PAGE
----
Freedom oppresses, law liberates

“Between the strong and the weak, between the rich and the poor, between the master and the servant, it is freedom that oppresses and the law that liberates.”

Henri LACORDAIRE (1802-1861)

I have had a few rare occassions, when someone was complaining because they wanted more freedom, someone who was very free already, and I asked, “how much freedom do you want? Do you want the freedom to enslave others?” They had to think about that

If they had to think about it, then they truly do not know what they want or what they ask for.

Well. At least they appear to be thinking. Bertrand Russell said it’s important to allow for that in any difficult topic. We can’t work everything out in every conversation.

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That is a good point, although it only applies to Western Europeans.

That is an interesting observation.

I have always maintained that freedom can only exist within boundaries.

The Limits of Freedom and the Freedom of Limits

Jason Lambacher

Pages 385–398

  • Published: 07 March 2016


When we conceive of “freedom” as the absence of limitations, it is easy to associate green politics with coercion and restriction. This troubling linkage frames environmentalism as hostile to freedom as such, and even leads many green theorists to doubt its relevance to environmental political theory.

Is this, however, a narrow way of thinking about the concept of freedom and its relationship to environmentalism? Can freedom be greened to enhance ways of life that advance environmental goals? There are good reasons to think that it can. Green concepts of freedom not only offer salient critiques of ecologically destructive modes of freedom, they also open up creative aspirations to live autonomously and meaningfully within ecological constraints.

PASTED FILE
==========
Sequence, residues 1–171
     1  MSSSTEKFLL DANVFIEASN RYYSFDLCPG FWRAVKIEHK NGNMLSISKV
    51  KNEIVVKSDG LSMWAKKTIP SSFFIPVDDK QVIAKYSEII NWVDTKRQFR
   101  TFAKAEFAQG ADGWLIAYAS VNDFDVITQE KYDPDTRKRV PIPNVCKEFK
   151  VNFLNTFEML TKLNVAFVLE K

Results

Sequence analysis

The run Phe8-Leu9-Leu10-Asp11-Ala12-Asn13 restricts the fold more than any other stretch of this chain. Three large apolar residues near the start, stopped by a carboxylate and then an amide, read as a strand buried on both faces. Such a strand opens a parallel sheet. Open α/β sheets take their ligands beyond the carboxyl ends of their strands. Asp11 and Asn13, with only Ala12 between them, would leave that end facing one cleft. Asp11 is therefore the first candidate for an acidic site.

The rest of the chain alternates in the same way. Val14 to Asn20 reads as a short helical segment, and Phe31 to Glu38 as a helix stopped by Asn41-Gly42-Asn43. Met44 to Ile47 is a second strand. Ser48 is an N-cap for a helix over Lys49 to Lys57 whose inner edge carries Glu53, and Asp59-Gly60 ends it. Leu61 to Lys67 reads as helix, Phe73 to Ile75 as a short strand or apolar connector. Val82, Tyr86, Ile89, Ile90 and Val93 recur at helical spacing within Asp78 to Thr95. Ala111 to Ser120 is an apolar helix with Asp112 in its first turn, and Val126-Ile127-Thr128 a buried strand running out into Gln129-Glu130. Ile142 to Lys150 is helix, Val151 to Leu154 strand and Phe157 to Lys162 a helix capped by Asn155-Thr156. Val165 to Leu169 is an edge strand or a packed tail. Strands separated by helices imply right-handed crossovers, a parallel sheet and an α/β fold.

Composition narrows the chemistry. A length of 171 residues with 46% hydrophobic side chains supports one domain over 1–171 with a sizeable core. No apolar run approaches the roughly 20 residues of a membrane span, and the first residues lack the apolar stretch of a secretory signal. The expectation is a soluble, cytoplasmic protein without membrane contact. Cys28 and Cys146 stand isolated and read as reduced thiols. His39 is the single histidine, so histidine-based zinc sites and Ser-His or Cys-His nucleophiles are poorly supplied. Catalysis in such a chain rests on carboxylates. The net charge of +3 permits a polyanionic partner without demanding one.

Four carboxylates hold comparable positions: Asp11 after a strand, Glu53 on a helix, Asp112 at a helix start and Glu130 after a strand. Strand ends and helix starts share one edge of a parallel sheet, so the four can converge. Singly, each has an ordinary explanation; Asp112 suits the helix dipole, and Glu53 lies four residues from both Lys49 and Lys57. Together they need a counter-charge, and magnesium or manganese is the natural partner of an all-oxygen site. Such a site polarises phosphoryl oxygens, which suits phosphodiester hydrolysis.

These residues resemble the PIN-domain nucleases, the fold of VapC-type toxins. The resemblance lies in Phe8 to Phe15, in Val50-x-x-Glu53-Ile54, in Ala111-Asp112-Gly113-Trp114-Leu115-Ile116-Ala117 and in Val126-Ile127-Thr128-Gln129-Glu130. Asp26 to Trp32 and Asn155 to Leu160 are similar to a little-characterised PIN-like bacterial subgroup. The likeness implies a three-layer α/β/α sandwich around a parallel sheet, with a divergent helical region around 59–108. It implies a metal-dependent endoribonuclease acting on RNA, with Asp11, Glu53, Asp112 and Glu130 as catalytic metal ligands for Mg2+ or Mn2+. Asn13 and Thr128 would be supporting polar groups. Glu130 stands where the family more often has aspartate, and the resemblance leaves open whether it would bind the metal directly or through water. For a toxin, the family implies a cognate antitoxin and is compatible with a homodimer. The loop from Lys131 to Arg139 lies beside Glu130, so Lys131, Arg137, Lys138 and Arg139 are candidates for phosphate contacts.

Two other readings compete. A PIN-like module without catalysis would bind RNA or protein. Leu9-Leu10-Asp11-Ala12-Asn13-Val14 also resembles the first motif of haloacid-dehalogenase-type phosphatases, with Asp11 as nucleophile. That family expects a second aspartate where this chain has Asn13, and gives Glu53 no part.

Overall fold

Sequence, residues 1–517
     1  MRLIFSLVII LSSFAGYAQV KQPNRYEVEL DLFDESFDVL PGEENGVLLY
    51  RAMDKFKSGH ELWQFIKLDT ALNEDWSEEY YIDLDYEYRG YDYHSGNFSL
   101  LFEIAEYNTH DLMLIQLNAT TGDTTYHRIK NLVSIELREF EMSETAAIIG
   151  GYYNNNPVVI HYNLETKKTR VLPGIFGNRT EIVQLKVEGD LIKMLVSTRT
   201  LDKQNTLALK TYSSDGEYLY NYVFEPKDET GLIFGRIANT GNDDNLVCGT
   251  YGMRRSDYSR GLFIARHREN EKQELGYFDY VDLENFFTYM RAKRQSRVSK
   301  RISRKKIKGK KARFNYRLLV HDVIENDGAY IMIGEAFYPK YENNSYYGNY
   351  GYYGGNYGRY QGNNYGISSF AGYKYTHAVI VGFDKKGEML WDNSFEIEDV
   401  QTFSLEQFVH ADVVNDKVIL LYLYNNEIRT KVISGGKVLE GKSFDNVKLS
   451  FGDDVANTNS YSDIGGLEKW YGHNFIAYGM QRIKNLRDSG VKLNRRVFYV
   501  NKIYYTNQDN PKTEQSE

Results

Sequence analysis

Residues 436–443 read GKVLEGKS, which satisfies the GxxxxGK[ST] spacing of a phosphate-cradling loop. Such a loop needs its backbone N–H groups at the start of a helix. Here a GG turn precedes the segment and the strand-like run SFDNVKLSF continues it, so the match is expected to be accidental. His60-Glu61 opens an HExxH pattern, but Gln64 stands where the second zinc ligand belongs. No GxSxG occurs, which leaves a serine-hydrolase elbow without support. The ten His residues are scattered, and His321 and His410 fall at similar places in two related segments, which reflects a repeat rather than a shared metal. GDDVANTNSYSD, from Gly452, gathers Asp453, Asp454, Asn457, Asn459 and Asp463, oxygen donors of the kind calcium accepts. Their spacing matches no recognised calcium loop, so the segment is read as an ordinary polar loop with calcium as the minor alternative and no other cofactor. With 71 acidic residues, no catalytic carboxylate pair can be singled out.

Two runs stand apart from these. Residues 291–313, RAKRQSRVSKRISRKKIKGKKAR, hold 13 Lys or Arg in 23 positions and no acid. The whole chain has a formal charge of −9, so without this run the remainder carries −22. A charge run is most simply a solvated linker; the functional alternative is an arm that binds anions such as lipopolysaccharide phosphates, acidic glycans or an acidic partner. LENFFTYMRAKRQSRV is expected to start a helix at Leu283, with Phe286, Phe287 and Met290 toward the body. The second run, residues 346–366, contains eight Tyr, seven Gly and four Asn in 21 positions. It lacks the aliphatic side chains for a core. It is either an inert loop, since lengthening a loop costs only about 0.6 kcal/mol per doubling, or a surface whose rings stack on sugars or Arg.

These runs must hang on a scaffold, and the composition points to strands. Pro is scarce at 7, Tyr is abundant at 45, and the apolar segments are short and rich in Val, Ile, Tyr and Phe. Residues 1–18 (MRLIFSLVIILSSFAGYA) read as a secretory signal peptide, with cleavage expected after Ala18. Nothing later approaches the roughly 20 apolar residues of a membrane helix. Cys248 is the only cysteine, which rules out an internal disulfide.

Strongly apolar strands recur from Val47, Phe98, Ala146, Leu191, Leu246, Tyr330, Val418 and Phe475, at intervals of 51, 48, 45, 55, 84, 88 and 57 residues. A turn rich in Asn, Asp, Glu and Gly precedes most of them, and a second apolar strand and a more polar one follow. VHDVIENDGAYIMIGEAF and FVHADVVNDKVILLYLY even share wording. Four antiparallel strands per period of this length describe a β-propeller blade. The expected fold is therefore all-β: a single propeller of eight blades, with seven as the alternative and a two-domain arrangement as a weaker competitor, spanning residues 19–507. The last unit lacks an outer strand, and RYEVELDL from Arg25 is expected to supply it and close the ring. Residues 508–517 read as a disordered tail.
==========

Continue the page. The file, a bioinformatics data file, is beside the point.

Ignoring the potential of freedom as a productive concept in environmental political theory overlooks powerful sources of motivation, experimentation, and political resonance. Green theorists should therefore work with, and not avoid, discourses of freedom in order to explore visions of individual, social, and ecological flourishing.

Quite true. Maybe sometimes people do need to think in order to understand what they are asking and wanting.

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Says the white masters of the universe.

Guy, do you ever stop to think about what you are writing?

Do you ever try to learn about history?

By: James Poskett

Horizons: The Global Origins of Modern Science (2022)

I could ask the same of you, since you’re talking about an entirely different topic.

I don’t know.
I think what binds them is that blinding sense of exceptionalism.

“Between the strong and the weak, between the rich and the poor, between the master and the servant, it is freedom that oppresses and the law that liberates.”
It makes for a nice jingle since there is something to it, but when I really try through its implications, it dissolves into puffery.

The balance between freedom and law within society is a deep topic. Including civility, duty and honor and such. It deserves more than one liners and gotchas. :raising_hand_man:

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